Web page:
Ranald and Iain - The First 35 Years

Towards the end of 1972, whilst Harvest was in its death throes, a friend of mgill's - along with three other partners - bought a seedy pub within the entrance lane to the covered market, called The Old Market Inn.

It was a three-storey building, with one central doorway leading directly to a flight of stairs and a door on either side, leading on the right to the public bar and on the left to the ‘snug’. Upstairs was the same layout with the addition of a ladies' toilet. It was to this salubrious venue that young Doug Florance (his Dad was also Doug) invited mgill, with the idea of providing some live music in the upstairs bar.

 Ranald and Iain in 1992  Initially the idea was just to provide a session for Saturday lunchtimes, so mgill called on a few mates to ‘gie a haun oot’. One of them was the recently-returned Ranald Smith, who had been in the year below mgill at school and who had gone to University in Aberdeen in 1966. There, he had organised the University Folk Club after having served his apprenticeship at the famous Aberdeen Folk Club under the expert eye of the legendary Arthur Argo.

Ranald’s bag of songs was mainly contemporary, whereas mgill had a repertoire which leaned more towards the tradition - although he also could provide many contemporary songs at the drop of a hat.

In the next year ‘The Market’ underwent major refurbishment, to the extent that the central stairway was removed and the two rooms, both up and down, were knocked into two big rooms with a fireproof metal staircase at one end. The new upstairs room became a venue on Friday 3rd August 1973, when Iain started a thirty-four night run before heading off to London in September.

 Ranald and Iain in 1993  Andy MacDonald became the organiser of the entertainment, and it was decided that a stable of singers be formed, each of whom would have their own night. Of course Ranald was the first one on the list!

When Iain returned from London he’d sit in with Ranald, playing lead guitar and providing harmonies, but it took till December 22nd 1975 before they played a full concert to finally establish themselves as a recognised duo.

They spent a little time toying with names for the duo, but as Danny Kyle once said when introducing them at a festival - “Next up is a group I really like and I also like their name, which they must have spent hours dreaming up … it’s Ranald Smith & Iain MacGillivray!” and off he went shaking with laughter.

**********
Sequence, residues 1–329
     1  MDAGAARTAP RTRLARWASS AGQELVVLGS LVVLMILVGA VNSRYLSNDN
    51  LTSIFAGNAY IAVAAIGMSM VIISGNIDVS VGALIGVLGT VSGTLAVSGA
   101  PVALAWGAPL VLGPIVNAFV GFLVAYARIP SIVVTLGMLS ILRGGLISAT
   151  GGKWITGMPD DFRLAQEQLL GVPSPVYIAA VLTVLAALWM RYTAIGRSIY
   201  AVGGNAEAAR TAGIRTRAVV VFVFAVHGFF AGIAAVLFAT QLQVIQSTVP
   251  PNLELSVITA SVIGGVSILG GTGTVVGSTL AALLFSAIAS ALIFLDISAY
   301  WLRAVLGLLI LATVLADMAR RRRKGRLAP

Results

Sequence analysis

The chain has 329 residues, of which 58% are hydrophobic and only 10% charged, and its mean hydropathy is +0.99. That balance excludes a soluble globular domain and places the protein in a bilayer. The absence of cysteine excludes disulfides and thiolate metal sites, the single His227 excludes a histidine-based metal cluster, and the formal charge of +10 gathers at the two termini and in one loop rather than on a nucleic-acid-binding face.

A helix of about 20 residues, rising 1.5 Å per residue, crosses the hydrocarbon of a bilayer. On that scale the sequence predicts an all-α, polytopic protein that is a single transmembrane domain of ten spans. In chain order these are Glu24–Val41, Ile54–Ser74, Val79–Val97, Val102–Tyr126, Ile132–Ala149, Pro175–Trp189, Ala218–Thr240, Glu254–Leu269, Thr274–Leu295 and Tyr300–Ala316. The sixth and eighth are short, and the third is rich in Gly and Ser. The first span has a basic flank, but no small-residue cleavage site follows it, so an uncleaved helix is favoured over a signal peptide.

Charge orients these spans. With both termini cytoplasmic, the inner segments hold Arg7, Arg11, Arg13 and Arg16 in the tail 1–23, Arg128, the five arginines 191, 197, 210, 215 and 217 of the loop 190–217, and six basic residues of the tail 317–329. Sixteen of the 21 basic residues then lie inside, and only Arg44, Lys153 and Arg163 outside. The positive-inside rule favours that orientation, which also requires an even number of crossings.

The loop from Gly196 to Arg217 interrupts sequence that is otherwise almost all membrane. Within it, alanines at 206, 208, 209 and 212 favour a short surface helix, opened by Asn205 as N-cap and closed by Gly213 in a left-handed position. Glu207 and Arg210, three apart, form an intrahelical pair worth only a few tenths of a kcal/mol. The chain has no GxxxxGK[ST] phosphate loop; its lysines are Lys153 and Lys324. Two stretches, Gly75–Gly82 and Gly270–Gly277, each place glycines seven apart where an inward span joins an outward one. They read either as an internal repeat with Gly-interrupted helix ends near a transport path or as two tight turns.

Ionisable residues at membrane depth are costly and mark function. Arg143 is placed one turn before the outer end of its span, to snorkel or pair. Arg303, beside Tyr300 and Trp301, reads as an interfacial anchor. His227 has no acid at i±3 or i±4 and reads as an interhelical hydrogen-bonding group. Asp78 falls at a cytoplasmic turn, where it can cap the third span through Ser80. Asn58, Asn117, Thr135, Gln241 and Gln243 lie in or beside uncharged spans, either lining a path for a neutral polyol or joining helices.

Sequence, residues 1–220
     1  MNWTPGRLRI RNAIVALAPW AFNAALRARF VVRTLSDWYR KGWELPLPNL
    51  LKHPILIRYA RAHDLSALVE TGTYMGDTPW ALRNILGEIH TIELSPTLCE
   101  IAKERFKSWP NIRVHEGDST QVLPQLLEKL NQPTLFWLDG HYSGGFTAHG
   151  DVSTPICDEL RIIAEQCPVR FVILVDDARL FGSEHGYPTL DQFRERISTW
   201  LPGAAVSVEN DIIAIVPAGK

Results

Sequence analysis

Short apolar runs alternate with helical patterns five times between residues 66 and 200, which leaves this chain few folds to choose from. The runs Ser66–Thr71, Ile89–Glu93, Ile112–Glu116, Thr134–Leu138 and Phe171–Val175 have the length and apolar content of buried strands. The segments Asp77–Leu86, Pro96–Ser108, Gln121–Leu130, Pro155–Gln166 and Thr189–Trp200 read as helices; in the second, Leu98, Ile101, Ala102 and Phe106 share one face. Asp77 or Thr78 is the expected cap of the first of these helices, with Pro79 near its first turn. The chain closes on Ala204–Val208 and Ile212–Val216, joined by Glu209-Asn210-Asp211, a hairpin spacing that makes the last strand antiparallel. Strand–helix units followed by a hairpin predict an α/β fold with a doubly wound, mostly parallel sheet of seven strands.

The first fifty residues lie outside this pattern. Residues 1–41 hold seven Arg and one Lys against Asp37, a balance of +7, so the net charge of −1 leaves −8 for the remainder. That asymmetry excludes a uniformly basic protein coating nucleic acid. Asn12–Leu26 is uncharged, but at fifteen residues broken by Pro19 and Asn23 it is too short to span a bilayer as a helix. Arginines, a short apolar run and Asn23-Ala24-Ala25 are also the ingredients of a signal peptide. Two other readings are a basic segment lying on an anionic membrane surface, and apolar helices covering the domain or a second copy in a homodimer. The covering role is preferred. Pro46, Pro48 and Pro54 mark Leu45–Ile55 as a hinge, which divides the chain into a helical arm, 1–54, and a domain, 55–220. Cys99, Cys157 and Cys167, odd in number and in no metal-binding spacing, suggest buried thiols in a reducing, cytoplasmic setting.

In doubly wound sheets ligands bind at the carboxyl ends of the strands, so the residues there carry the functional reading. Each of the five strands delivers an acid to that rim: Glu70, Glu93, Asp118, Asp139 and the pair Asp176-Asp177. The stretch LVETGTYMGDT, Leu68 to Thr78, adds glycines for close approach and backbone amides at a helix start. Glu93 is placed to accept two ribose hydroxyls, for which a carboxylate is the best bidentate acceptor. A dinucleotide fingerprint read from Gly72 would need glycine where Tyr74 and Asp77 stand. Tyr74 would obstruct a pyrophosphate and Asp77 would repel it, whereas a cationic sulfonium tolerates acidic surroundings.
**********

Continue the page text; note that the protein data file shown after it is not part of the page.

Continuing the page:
In the early years, an evening would begin with Ranald and Iain splitting the first half into two solo spots, and coming together as a duo for the second half; but as time passed and more material was learned they adopted the format they use today - as a duo from the beginning, but dropping in solo songs as they see fit.

2010 sees them celebrate thirty-five years as an occasional duo, and in that time they have played all over the Highlands with the odd jaunt further afield.

 Ranald and Iain in 1994  In the late seventies / early eighties they held residencies in Aviemore, Nairn, Ullapool and two in Inverness - as well, of course, as supporting the Inverness Folk Club and Festival.

In 2003, after a break of about eight years, they decided to hold a reunion concert - which for some forgotten reason they decided to hold on the nearest Saturday to the Summer solstice, and have continued to do so ever since, calling the concert - appropriately enough - ‘The Midsummer Gig’!

Two separate events conspired to delay the 2005 concert until September (‘The Autumn Gig’) and to cancel the 2007 concert entirely. In 2005 Ranald suffered a heart attack whilst at a business meeting in Aberdeen, and in 2007 - due to severe circulation problems caused in part by  the diabetes he’d suffered for twenty nine years - Iain had his left leg amputated below the knee.

Back on course for 2008 and in 2009 they also appeared at the inaugural Northern Roots Festival at Bogbain Farm and Heritage Centre, Inverness.

In addition to continuing their annual concert they played the Glenfarg Village Folk Club to great acclaim in 2010 (see Reviews),


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